Interference of the end: why recency bias in memory determines when a food is consumed again

Psychol Sci. 2014 Jul;25(7):1466-74. doi: 10.1177/0956797614534268. Epub 2014 Jun 3.


The results of three experiments reveal that memory for end enjoyment, rather than beginning enjoyment, of a pleasant gustatory experience determines how soon people desire to repeat that experience. We found that memory for end moments, when people are most satiated, interferes with memory for initial moments. Consequently, end moments are more influential than initial moments when people decide how long to wait until consuming a food again. The findings elucidate the role of memory in delay until repeated consumption, demonstrate how sensory-specific satiety and portion sizes influence future consumption, and suggest one process by which recency effects influence judgments and decisions based on past experiences.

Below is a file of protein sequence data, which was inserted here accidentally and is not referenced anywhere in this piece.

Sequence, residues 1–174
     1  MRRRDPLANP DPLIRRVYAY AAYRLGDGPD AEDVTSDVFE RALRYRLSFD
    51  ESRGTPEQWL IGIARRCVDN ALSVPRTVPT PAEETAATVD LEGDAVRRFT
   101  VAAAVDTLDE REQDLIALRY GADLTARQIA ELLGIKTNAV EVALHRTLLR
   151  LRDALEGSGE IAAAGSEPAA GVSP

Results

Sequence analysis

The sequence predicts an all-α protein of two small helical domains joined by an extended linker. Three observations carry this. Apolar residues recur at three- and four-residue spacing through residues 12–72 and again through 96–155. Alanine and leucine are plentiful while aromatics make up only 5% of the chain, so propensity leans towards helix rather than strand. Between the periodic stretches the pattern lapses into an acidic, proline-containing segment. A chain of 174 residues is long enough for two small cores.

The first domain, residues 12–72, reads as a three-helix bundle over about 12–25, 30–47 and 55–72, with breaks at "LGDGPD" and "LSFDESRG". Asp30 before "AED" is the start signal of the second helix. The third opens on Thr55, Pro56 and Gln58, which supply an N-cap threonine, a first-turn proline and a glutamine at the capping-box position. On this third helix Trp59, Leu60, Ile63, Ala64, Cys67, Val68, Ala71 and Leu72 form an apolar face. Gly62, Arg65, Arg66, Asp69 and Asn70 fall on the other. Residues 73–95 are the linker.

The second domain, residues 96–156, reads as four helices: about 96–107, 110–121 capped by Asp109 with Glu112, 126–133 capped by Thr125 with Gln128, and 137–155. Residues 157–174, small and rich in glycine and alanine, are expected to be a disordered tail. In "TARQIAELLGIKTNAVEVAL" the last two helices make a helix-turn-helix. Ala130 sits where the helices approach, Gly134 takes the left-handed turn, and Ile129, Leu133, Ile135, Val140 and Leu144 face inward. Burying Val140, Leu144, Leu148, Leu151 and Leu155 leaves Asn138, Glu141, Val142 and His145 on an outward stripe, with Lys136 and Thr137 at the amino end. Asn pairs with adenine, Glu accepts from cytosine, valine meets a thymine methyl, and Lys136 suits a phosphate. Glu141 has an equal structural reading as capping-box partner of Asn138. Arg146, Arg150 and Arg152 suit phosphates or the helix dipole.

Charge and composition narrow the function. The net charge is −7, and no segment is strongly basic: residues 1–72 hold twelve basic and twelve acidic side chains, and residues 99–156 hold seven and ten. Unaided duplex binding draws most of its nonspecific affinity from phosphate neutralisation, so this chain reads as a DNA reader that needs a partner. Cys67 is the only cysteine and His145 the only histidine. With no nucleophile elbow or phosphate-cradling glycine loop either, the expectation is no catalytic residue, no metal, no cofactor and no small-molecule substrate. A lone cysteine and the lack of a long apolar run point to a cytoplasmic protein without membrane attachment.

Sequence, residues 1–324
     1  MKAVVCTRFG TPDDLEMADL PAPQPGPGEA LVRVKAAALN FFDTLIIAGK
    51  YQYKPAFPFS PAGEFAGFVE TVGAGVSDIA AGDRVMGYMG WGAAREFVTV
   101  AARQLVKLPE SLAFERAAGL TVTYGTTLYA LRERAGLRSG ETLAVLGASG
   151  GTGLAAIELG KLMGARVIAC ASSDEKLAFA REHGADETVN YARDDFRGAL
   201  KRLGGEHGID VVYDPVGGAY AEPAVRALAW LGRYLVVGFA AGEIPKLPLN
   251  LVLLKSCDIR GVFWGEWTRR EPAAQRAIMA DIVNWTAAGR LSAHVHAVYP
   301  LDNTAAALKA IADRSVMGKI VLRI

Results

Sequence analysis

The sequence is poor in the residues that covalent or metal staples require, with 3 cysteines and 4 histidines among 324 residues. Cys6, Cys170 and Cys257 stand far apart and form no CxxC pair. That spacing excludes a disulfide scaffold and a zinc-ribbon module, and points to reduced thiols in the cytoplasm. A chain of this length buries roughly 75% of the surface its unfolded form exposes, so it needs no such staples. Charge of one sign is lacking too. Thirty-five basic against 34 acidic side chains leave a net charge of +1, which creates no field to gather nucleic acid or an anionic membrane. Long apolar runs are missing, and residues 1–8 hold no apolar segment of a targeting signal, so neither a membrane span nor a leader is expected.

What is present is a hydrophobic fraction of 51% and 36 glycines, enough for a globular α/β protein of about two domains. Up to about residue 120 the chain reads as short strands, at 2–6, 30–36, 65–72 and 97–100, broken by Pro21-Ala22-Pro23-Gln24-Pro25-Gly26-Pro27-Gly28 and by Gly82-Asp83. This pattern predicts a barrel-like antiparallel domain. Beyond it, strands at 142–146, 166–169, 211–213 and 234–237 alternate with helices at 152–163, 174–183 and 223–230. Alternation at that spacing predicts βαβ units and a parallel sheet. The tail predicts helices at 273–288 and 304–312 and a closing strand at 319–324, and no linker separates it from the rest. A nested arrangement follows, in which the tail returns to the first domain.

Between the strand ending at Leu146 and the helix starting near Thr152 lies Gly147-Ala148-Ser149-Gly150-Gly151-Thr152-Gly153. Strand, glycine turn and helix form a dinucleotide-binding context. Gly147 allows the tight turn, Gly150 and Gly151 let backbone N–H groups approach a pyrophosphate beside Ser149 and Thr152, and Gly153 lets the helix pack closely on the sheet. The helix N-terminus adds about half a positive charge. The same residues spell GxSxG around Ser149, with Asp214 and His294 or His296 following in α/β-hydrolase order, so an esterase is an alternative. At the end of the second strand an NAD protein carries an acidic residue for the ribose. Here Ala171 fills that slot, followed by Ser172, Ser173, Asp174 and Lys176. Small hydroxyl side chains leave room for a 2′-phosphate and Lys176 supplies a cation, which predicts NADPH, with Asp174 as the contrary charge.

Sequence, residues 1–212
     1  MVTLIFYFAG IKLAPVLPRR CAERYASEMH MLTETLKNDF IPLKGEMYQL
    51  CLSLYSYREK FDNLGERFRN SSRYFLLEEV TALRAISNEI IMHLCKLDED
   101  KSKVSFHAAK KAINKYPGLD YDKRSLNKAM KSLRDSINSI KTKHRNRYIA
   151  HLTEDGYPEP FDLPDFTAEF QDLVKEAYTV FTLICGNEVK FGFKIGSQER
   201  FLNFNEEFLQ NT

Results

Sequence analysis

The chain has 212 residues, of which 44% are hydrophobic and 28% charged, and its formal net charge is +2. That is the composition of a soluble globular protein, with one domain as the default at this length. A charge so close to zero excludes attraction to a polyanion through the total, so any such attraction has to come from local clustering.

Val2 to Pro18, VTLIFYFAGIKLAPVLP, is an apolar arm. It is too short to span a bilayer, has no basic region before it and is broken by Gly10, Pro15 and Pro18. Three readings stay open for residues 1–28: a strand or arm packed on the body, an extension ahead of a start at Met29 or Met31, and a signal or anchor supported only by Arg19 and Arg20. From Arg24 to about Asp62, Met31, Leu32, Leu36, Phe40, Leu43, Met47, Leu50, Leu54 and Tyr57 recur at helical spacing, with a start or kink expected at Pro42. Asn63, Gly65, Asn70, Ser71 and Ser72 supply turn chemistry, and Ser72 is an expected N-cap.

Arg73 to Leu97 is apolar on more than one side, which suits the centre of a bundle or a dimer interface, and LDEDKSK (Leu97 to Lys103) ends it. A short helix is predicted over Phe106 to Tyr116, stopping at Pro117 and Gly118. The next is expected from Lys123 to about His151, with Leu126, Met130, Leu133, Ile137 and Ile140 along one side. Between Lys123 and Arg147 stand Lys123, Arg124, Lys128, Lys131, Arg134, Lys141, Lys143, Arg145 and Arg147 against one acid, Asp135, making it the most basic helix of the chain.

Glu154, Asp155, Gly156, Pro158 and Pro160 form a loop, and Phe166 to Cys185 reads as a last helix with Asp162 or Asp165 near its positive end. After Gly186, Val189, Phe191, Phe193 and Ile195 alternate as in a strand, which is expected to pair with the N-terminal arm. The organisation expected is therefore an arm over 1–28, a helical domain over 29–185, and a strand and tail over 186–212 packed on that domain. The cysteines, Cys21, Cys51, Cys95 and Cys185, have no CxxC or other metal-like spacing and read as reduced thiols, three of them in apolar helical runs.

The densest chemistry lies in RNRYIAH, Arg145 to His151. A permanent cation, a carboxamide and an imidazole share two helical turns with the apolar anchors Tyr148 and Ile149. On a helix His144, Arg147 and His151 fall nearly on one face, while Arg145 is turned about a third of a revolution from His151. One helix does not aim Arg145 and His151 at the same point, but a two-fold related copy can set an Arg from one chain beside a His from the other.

Keywords: judgment and decision making; memory interference; portion size; recency effects; sensory-specific satiety.

MeSH terms

  • Adult
  • Bias
  • Female
  • Food Preferences / psychology*
  • Humans
  • Judgment*
  • Male
  • Mental Recall*
  • Pleasure*
  • Young Adult